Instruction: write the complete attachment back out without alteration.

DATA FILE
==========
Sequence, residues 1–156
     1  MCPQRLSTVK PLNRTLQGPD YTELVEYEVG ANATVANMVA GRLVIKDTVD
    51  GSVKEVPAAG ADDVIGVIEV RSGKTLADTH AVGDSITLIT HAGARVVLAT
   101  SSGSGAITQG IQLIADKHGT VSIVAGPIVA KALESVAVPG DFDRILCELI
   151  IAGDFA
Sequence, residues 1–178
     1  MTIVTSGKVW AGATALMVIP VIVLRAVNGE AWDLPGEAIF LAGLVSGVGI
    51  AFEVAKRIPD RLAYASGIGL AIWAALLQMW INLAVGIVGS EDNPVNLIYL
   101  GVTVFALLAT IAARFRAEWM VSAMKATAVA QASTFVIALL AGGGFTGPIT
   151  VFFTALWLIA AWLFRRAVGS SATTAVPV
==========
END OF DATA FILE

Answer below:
Sequence, residues 1–156
     1  MCPQRLSTVK PLNRTLQGPD YTELVEYEVG ANATVANMVA GRLVIKDTVD
    51  GSVKEVPAAG ADDVIGVIEV RSGKTLADTH AVGDSITLIT HAGARVVLAT
   101  SSGSGAITQG IQLIADKHGT VSIVAGPIVA KALESVAVPG DFDRILCELI
   151  IAGDFA
Sequence, residues 1–178
     1  MTIVTSGKVW AGATALMVIP VIVLRAVNGE AWDLPGEAIF LAGLVSGVGI
    51  AFEVAKRIPD RLAYASGIGL AIWAALLQMW INLAVGIVGS EDNPVNLIYL
   101  GVTVFALLAT IAARFRAEWM VSAMKATAVA QASTFVIALL AGGGFTGPIT
   151  VFFTALWLIA AWLFRRAVGS SATTAVPV